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Bespeak   /bɪspˈik/   Listen
Bespeak

verb
(past bespoke, archaic bespake; past part. bespoken; pres. part. bespeaking)
1.
Be a signal for or a symptom of.  Synonyms: betoken, indicate, point, signal.  "Her behavior points to a severe neurosis" , "The economic indicators signal that the euro is undervalued"
2.
Express the need or desire for; ask for.  Synonyms: call for, quest, request.  "She called for room service"






WordNet 3.0 © 2010 Princeton University








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"Bespeak" Quotes from Famous Books



... was a series of misfortunes; and is a proof of the truth of that saying in Holy Scripture, that 'the battle is not to the strong, nor the race to the swift.' As to the Points of Husbandry, it is written in familiar verse, and abounds with many curious particulars, that bespeak the manners, the customs, and the modes of living in the country, from the year 1520 to about half a century after; besides which, it discovers such a degree of oeconomical wisdom in the author, such a sedulous attention to the honest arts of thriving, such a general love ...
— On the Portraits of English Authors on Gardening, • Samuel Felton

... put on; and remember that you are not dealing with a fop, who will take advantage of every concession, but with a man of sense and honor, who will properly estimate your condescension and frankness. Act, then, with that modest freedom, that dignified unreserve, which bespeak conscious rectitude and sincerity ...
— The Coquette - The History of Eliza Wharton • Hannah Webster Foster

... time on curses vague, nor try to take his gold, Nor seek to shatter any plan that he might dearly hold. A crueler revenge than that for him I would bespeak: I'd wish his wife and little one might leave ...
— A Heap o' Livin' • Edgar A. Guest

... from my desk I saw standing behind his keeper a tall and distinguished-looking man in fashionably cut garments, whose well shaped head and narrow face, thin aquiline nose, and carefully trimmed pointed beard seemed to bespeak somewhat different antecedents from those of the ordinary occupant of a cell in the City Prison. I should have instinctively risen from my chair and offered my aristocratic looking visitor a chair had not the keeper unconsciously brought ...
— True Stories of Crime From the District Attorney's Office • Arthur Train

... perish with hunger." His proud heart broke. "I will arise," he cried, "and go to my father;" and then to assure his father of the depth of his humility, resolved to add; "Make me as one of thy hired servants." If hired servants were the superior class—to bespeak the situation, savored little of that sense of unworthiness that seeks the dust with hidden face, and cries "unclean." Unhumbled nature climbs; or if it falls, clings fast, where first it may. Humility sinks of its own weight, and in the lowest deep, digs lower. The design of the ...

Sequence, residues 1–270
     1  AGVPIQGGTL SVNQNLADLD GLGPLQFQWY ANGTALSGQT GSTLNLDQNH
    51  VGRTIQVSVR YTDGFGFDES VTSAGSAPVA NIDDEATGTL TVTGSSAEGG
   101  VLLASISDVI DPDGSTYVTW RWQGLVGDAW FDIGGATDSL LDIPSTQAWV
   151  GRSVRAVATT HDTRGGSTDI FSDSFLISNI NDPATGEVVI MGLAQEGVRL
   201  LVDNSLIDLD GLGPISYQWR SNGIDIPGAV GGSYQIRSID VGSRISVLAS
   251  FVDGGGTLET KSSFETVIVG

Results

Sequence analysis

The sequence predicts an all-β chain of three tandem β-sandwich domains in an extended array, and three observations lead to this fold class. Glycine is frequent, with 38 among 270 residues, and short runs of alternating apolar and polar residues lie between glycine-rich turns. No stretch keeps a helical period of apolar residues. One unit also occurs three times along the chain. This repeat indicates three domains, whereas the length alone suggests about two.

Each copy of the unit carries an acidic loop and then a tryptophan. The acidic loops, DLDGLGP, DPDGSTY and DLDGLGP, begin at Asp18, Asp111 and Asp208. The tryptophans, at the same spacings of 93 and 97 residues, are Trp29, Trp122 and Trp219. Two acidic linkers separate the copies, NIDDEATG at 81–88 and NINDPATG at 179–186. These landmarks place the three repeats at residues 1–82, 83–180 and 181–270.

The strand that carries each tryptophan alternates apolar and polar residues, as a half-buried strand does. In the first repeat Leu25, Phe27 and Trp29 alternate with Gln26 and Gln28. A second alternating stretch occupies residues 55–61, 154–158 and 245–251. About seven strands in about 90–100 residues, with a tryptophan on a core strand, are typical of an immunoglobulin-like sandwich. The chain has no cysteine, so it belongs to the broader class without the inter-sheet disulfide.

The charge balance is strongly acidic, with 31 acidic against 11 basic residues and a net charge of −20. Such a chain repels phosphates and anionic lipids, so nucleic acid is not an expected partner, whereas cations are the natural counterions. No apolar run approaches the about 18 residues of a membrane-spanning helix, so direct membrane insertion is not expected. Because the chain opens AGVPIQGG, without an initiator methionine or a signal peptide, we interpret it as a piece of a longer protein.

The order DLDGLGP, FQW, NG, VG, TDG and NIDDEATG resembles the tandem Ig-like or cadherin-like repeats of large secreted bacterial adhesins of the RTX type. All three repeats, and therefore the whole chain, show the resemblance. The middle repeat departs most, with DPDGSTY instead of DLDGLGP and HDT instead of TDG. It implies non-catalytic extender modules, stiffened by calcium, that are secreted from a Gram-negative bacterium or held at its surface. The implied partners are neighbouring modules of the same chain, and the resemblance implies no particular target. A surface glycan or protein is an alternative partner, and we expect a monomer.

— The Anti-Slavery Examiner, Omnibus • American Anti-Slavery Society

... boards bespeak the country as eloquently as do the hayfields. They seem never to be new. Articles lost but long since restored to their owners are still advertised on faded brittle paper, fastened by rusted thumb tacks of a bygone age. Strawberry festivals, with strawberries ...
— Roy Blakeley in the Haunted Camp • Percy Keese Fitzhugh

... white habit of the Dominican order, partly covered by a black camlet overcoat, entered the city of Rochelle. He was very tall and robust, with one of those faces, at once grave and keen, which bespeak great energy and quick discernment. This was the Pre Labat, a native of Paris, then in his thirtieth year. Half priest, half layman, one might have been tempted to surmise from his attire; and such a judgement would not have been unjust. Labat's character was too large ...
— Two Years in the French West Indies • Lafcadio Hearn

... not render me a service in return?" I felt my whole attitude to be imploring, so warmly did I bespeak her grace. ...
— The Black Wolf's Breed - A Story of France in the Old World and the New, happening - in the Reign of Louis XIV • Harris Dickson

... eyes glanced quickly over the old who, she said, was the only object which did not bespeak the gaudiness of newly-acquired wealth, but she appeared as the respectable servant of an old and noble family in fitting dress. "Remain as you are, Trude, and do not let yourself be misled by ...
— Old Fritz and the New Era • Louise Muhlbach

... Diana bid me, about mine; and I shall tell her to be sure to answer my letter, without fail, by return of the post; and then, if Mamma makes no objection, which I know she won't, because she never thinks much about expense, and all that—then I shall bespeak my uniform, and get it made by the same tailor that makes for Lady ...
— Children's Literature - A Textbook of Sources for Teachers and Teacher-Training Classes • Charles Madison Curry

... blanches the hue of my cheek, And exposes my desperate love; Nor needs it that death should bespeak The hurt no remeid ...
— The Modern Scottish Minstrel, Volumes I-VI. - The Songs of Scotland of the Past Half Century • Various